15 Worst Trades in Maple Leaf History (Part 1 of 3)
I know this blog is pop-culture focused, but sports are definitely a part of popular culture. And one sport that struggles for popularity outside of a few stronghold countries is hockey. But like any sport, there are a few teams that are institutions. Baseball has the Yankees, basketball has the Lakers and Celtics… hockey has the Original Six teams. And possibly the most painful of those teams to be a fan of is the Toronto Maple Leafs.
The picture above shows the four most popular Leafs captains of the past 30 years. None of them were allowed to retire as Leafs captain, and two of them were dealt in such brutal trades that they fall into the list which begins shortly. You see the Leafs were once a storied NHL franchise, rich in success, talent and Cup wins. A number of factors helped contribute to their downfall; then the NHL began expanding, the rival World Hockey Association began siphoning off talented players, and the infamous Harold Ballard took over as majority owner and drove what little pride remained from Maple Leaf Gardens. Some teams would be able to persevere through these challenges, if they can continue to make smart personnel moves. Unfortunately… the Leafs have made more than their share of bad trades since they won their last Stanley Cup some 40 years ago. Here are the first “highlights” from that group.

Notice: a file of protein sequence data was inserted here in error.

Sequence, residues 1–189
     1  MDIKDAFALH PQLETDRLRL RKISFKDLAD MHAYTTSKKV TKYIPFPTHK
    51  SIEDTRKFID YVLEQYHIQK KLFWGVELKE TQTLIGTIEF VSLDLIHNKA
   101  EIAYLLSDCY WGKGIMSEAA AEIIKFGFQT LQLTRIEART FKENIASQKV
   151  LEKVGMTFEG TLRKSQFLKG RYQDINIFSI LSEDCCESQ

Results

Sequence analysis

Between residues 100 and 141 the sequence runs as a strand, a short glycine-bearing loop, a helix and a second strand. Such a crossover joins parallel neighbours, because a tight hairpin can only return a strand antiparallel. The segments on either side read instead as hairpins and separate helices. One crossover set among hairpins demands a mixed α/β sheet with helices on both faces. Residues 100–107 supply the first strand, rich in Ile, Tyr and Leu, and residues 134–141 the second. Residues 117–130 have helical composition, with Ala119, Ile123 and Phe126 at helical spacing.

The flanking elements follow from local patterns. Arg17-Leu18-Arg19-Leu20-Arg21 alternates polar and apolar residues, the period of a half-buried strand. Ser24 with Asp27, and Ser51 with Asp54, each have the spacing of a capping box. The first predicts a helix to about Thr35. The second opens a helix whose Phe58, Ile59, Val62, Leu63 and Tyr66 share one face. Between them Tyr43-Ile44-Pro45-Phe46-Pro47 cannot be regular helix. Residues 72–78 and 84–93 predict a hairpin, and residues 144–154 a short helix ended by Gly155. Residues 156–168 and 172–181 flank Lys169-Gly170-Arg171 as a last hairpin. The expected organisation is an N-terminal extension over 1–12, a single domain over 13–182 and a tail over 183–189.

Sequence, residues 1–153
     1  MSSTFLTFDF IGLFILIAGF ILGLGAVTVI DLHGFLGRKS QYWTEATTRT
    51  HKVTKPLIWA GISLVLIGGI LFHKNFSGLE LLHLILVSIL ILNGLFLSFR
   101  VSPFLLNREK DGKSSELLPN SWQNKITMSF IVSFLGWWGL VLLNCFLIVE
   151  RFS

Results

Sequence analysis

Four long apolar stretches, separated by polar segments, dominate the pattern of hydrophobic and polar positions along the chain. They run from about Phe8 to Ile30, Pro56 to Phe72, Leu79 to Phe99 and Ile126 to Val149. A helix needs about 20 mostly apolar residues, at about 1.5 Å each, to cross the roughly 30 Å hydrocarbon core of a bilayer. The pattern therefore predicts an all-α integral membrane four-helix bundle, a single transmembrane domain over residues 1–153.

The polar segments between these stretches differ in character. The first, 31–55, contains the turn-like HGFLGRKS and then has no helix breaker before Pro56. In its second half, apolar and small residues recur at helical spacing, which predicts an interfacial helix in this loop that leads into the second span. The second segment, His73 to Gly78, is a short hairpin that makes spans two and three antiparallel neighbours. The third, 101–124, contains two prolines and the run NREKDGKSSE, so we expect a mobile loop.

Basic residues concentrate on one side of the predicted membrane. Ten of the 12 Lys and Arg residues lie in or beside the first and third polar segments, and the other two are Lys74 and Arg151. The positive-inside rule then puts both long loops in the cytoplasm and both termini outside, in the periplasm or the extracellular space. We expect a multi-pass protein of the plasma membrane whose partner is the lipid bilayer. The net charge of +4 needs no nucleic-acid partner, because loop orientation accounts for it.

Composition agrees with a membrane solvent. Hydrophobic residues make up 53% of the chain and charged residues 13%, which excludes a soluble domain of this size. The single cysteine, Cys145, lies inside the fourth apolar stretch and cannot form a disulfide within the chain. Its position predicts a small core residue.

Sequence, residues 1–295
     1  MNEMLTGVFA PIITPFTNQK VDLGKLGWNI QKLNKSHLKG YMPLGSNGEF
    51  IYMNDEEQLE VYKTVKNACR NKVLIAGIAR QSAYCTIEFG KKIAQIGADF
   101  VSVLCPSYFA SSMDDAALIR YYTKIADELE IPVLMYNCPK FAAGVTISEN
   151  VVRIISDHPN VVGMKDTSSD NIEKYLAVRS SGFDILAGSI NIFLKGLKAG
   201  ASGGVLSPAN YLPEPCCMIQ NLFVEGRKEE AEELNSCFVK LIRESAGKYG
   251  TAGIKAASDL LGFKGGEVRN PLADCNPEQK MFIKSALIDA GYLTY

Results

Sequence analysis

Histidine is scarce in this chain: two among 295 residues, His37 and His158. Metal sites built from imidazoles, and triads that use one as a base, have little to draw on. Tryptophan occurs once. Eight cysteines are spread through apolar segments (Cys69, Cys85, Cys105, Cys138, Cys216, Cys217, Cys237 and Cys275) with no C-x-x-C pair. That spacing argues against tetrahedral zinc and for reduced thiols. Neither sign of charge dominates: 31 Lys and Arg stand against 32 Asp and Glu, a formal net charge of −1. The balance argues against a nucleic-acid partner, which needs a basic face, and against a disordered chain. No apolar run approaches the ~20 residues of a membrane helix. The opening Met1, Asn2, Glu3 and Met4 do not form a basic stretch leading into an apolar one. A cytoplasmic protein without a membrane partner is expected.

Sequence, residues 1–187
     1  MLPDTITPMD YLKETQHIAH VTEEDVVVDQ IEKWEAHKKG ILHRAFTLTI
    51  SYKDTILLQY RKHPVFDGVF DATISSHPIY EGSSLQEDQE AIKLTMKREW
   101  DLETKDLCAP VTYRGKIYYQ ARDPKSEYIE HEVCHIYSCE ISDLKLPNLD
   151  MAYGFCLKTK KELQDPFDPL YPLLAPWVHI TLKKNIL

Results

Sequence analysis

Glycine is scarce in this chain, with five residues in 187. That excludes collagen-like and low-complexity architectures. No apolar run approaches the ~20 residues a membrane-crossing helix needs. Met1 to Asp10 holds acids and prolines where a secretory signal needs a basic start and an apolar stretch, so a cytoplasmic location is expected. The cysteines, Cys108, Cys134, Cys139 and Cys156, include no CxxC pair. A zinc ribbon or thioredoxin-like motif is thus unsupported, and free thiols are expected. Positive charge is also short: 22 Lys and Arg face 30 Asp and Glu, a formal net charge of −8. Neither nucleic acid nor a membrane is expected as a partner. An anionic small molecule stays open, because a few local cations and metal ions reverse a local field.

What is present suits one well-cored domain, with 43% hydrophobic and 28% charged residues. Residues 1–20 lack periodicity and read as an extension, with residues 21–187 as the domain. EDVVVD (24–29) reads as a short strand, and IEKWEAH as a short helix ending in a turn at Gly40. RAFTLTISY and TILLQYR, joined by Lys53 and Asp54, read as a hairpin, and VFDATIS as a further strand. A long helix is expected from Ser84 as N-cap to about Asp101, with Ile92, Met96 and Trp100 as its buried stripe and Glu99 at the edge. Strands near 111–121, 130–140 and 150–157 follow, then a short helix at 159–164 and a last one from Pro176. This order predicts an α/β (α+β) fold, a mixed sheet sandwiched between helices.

DNQ: Toronto trades Rick Vaive, Steve Thomas and Bob McGill to the Chicago Blackhawks for Ed Olczyk and AL Secord
This trade is mentioned frequently as an awful trade, due to Vaive’s success with the team (and the fact that he is one of only two players to score 50 goals in a single season wearing a Leafs jersey). However, the numbers tell a different story. Vaive played just 106 games in Chicago, scoring 55 goals, before being dealt to Buffalo, where he was a shadow of his former self, and he faded away a few seasons later. Thomas was strong for the Blackhawks, but not a star; he recorded 198 points in 231 games before being shipped off to the New York Islanders. Bob McGill was servicable, but didn’t do much of note in four seasons with Chicago.
Now Al Secord was a mistake to acquire, one which the Leafs rectified just a year and a half later by shipping him to Philadelphia. But Ed Olczyk was spectacular. He averaged 37 goals and 84 points in his 3 full seasons with Toronto. And when he was traded to Winnipeg, he netted the Leafs Dave Ellett, who was a huge component of the beloved ’92 and ’93 Leafs teams. Given Olczyk’s performance and Vaive’s disctinct lack of staying power post-Leafs, I’d actually call this trade a win rather than a loss. And ironically enough, everyone but Vaive ended up having a second stint with the team that traded them (Olczyk and Secord played again in Chicago, while Thomas and McGill were Leafs in the 90s).
Dis-Honourable Mention: Toronto trades Alyn McCauley, Brad Boyes and a 2003 1st Round Pick (Mark Stuart) to the San Jose Sharks for Owen Nolan